Today, I’m excited to share with you a conversation with Don Yaeger. Don is a nine-time New York Times best-selling author, award-winning speaker, business leadership coach, and former Associate Editor for Sports Illustrated. Here are some highlights from our conversation.
Tim Elmore: Don, I’d like to talk to you about this idea of teams. I’m sure every single person is either part of a team or leading a team. They have learned that chemistry and making teams work is more than just gathering a group of people. What are some things you’ve learned that make teams great?
Don Yaeger: A great team looks at a huddle or a meeting as an advantage that we need to treat like the most important minutes of our day. The truth is that most of us don’t do that. We dread meetings. We come to meetings looking forward to checking our Facebook, texting people, or catching up on emails. The truth is, in those moments you are letting your team down. The important stuff is being left in the room, as we are going forward in a different direction. Great teams understand the value of these moments that we have together. They treat their team with so much respect that it gives them strategic advantage over their opponents.
Tim: Wow, that’s powerful. Don, in your book called Great Teams, you also highlight some very practical application, so what advice do you now give to organizations?
Don: An office place or workplace is a culture. Most of us don’t take the time to identify what that is. Culture is what you value within your environment. It is what you celebrate; it is what people get promoted for. The culture is what you really have within your office or workplace. Great teams are in discussion about their culture regularly. What I love is that these amazing organizations are so culturally aware. They talk openly about what they value. Then they reinforce those values by celebrating them when they occur. That is one of the things that is missed often. We say we want you to be a great teammate, but then the only thing we reward in the organization is when there is an increase in profit.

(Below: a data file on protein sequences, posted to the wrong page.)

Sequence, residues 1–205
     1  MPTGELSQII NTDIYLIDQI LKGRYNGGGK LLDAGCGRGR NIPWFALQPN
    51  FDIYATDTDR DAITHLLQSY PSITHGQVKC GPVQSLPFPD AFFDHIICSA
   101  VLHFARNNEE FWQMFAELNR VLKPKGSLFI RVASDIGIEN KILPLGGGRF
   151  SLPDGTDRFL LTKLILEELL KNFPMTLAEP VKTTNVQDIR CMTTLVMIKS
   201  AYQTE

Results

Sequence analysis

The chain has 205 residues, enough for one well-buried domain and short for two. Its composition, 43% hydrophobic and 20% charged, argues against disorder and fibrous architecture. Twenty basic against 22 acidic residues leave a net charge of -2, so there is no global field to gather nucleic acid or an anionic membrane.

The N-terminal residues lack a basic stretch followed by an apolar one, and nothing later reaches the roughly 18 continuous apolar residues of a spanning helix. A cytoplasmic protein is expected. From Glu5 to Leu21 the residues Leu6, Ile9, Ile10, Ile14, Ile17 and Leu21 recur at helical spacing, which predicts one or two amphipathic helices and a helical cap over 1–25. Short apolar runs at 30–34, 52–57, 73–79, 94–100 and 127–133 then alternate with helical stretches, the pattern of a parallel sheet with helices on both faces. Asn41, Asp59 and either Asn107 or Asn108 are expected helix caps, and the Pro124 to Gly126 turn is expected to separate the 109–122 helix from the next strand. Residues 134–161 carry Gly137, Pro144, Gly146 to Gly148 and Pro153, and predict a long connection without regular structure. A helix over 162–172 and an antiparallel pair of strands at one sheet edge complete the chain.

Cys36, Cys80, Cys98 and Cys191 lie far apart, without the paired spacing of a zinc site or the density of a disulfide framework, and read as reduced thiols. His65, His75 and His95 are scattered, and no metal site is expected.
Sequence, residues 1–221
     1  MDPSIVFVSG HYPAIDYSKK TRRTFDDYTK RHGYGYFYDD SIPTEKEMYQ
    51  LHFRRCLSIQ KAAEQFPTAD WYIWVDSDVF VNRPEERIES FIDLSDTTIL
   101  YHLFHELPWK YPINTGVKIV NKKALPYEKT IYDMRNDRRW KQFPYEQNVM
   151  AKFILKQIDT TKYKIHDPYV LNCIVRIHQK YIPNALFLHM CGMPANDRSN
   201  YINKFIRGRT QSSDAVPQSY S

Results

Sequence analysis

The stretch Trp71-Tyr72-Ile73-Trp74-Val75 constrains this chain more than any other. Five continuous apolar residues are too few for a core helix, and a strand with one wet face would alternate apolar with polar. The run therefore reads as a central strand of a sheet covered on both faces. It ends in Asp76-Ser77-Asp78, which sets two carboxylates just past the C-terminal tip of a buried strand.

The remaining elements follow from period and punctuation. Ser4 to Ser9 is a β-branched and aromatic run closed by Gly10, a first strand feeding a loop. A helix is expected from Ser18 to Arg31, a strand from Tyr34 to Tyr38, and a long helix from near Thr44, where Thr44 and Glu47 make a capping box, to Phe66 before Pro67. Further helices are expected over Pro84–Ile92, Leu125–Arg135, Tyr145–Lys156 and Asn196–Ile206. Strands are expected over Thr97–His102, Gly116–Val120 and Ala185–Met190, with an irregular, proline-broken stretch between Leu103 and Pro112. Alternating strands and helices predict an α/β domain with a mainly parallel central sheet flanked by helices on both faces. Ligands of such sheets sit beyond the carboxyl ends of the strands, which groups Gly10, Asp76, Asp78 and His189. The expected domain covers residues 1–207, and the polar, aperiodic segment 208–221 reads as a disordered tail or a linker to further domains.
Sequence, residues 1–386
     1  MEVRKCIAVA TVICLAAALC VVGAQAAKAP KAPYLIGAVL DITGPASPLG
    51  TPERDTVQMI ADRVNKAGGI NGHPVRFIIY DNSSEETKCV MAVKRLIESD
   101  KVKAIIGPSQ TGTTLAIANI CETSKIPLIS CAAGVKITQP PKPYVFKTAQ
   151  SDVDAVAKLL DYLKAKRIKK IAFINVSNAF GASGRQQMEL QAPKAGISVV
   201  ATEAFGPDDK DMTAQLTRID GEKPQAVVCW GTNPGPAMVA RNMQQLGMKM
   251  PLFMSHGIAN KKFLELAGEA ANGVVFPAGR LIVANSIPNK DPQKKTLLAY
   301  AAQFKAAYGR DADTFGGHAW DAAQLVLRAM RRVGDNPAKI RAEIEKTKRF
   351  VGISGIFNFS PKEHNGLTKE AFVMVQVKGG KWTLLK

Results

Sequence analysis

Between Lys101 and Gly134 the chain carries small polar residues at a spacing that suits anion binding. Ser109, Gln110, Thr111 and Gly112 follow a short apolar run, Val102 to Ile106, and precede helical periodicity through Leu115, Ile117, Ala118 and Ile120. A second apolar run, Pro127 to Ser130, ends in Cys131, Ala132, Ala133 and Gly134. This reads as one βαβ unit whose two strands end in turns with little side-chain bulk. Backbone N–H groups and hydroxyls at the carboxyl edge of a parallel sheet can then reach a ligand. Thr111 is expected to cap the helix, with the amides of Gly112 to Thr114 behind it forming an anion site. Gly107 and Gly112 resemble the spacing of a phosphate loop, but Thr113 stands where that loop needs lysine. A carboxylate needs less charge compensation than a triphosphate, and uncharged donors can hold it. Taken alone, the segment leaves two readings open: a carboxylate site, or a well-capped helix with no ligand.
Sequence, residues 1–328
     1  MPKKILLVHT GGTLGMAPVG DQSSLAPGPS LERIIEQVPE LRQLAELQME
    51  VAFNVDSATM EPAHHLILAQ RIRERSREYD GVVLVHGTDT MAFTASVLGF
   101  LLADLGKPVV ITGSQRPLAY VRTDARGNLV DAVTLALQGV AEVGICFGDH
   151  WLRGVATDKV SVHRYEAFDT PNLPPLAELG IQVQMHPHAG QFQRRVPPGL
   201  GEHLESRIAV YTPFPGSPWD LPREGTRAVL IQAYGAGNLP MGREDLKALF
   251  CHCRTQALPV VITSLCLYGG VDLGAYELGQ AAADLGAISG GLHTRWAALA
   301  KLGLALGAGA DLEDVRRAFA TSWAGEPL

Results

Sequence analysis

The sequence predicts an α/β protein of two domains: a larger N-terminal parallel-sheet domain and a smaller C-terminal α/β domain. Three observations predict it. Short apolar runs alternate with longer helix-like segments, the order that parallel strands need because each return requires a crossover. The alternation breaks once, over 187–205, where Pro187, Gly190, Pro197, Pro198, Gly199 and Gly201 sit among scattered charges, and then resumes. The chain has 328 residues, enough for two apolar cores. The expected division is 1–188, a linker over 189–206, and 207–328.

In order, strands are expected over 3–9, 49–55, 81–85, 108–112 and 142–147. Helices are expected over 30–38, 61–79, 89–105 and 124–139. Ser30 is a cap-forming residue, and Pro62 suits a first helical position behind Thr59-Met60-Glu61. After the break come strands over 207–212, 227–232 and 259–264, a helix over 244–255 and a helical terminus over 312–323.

Tim: Culture is so important. And one aspect of culture is chemistry. What are some challenges, related to team chemistry, that leaders are going to face when pursuing these habits of greatness with their teams?
Don: I think the greatest challenge is trying to find time to do it. You think to yourself—I’ve got to do this or I’ve got to close that, or I’ve got to teach this class. How am I going to find time to start changing culture or start rewarding people, or start making our “why” evident? The truth is—the effort to find time is leadership. You have to decide what it is you are trying to build. If I am trying to find greatness in what I want to be and what I want our team to be, where am I going to find the time to do it? None of it happens by accident. The greatest challenge is finding time. It is easy to get caught up in the minutia of everything going on. The minutia is often how we get rewarded from our environment. So the question is, “How do we find time to change that environment?”
I hope you take time during your drive to listen to the whole conversation. If I listed every great insight Don shared during this conversation, this blog post would be quite long. Click below to listen to the full discussion.
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